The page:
Exorcising the Two Demons Behind Writer's Block

Two demons terrorize writers - No-Topic and Mechanics. We typically call this nefarious duo "Writer's Block" butthis misfortunate label tricks us into treating symptoms rather than attacking the sources of the infection. You must identify which demon plagues you before you can exorcise it and get back to the business of writing. Staring at the computer screen and mumbling, "I have no clue what to write about." is a sure sign that 'No-Topic' has his claws sunk into your brain. Do not fear, proper preparation can easily banish this foul creature into the abyss.

  1. As you think of topics, write them down. I carry my Everything Journal with me all the time. If I'm ever caught without it, though, I scribble the topic on anything I can find - receipts, napkins, etc. - and tape it into my journal when I get home. When 'No-Topic' comes a-calling, I banish him easily by flipping through the pages of my journal and picking a topic stored within.
  2. Sometimes, you simply run out of ideas. This is serious. To replenish your stock, you need to step outside your box and experience something new. Read a biography. Watch a documentary. Do something you don't normally do. The new experiences or ideas should shock your befuddled mind out of its lethargy and allow you to shake the shackles of 'No-Topic' and cast him out.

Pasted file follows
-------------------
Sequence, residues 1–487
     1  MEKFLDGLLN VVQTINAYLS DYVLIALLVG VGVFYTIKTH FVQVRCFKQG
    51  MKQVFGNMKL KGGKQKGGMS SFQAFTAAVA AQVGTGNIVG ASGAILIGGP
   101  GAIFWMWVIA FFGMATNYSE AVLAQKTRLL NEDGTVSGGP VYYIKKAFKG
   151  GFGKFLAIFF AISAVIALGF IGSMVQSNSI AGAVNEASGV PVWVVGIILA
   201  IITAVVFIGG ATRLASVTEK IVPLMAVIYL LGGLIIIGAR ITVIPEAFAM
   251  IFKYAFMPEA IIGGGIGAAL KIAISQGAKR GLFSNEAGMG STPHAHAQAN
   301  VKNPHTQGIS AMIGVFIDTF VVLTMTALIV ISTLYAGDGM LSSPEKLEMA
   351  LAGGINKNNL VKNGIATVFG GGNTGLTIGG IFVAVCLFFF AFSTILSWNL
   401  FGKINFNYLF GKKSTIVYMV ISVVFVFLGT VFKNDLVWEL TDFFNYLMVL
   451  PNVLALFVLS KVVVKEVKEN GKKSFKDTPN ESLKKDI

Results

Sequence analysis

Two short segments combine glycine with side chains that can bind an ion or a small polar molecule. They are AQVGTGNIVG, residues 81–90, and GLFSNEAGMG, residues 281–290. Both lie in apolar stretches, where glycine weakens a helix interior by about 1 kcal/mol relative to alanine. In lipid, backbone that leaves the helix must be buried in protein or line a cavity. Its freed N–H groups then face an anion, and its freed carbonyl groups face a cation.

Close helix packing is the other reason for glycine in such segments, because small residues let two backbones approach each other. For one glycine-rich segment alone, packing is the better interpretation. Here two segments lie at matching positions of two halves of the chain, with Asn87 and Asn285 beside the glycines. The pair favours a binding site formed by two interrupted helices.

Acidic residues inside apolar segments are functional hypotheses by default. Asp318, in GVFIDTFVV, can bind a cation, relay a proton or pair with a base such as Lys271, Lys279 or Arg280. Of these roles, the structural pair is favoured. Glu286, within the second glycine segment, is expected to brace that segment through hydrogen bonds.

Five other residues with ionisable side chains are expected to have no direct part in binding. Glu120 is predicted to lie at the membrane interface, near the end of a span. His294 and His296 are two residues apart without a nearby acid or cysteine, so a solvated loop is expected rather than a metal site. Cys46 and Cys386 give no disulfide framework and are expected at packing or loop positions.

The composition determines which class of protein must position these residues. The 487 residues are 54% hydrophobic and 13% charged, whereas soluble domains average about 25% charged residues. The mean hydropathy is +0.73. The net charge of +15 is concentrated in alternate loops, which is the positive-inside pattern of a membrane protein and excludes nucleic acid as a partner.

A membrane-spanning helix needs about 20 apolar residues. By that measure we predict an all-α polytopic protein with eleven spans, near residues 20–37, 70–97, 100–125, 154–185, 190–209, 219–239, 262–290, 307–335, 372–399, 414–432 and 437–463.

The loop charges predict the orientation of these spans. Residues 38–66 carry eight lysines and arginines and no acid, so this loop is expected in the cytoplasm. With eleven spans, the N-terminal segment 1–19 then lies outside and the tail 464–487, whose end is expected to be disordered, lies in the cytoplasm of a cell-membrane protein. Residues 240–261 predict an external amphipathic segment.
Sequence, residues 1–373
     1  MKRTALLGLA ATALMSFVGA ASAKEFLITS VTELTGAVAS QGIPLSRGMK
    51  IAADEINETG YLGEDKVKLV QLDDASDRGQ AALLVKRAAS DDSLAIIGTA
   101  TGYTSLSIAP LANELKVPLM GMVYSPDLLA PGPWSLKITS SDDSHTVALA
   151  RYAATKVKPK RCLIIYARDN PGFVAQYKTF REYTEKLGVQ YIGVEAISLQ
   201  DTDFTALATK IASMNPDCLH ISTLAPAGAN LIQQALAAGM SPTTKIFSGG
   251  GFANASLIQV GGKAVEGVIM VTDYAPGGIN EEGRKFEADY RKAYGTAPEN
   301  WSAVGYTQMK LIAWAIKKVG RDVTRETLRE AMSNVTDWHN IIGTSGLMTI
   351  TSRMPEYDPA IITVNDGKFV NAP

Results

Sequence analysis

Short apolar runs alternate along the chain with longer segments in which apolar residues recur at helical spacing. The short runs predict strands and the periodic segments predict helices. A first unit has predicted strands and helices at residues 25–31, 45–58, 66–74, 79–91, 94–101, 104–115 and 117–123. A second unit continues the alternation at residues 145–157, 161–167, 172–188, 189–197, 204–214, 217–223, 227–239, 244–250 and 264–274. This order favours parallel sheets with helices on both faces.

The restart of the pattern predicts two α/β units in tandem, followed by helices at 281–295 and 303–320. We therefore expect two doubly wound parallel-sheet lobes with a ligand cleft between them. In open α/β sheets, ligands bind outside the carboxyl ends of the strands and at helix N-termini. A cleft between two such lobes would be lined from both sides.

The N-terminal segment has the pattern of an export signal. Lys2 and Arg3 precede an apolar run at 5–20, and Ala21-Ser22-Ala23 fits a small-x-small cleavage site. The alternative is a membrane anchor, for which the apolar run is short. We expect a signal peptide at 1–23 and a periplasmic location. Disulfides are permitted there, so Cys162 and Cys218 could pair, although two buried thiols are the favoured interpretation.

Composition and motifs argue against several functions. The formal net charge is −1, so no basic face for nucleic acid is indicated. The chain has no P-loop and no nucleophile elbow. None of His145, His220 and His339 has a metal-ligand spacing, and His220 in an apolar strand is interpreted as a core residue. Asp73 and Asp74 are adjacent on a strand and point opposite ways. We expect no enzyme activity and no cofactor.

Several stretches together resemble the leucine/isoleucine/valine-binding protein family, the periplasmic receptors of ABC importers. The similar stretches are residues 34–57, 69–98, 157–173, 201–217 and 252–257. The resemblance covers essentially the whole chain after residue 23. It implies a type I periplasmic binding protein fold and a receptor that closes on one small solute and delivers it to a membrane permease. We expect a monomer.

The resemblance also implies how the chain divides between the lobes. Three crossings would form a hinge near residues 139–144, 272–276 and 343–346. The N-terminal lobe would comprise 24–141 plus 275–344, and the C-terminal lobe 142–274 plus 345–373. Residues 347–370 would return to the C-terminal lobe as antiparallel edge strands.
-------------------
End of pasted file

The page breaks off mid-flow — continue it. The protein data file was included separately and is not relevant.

If you write a few words and delete them. If you write a few more words and delete them again. If you get a cup of coffee, write some more words and delete them. Then 'Mechanics' has you in his grip. He likes to frustrate you into believing that you know what to say, but have no clue how to say it. Shaking him is a little more difficult than 'No Topic,' but it can be done.

  1. 'Mechanics' is obese. You can outrun him. Close your eyes and type. Type fast. Type anything about your topic that comes to mind. Type as if you were running through a field and didn't have time to stop and pick up anything you dropped along the way. In other words, don't even think about grammar, spelling, or sentence structure. Throw up on paper. When you can't type anymore, look up. 'Mechanics' probably had a heart attack. Now you can go back, sift through the words on the pages, and pick up any gems shaken loose by your sprint.
  2. Research. Sometimes you don't know what to say about a topic because you don't know enough about the topic. Read Wikipedia articles, blogs, books, and magazines. Use knowledge to send 'Mechanics' back where he came from!

Next time you feel a little Writer's Block, take the time to identify the misfit behind your malady. Armed with these suggestions, you can finish them off in no time and get back to work.

JournalPaul Watson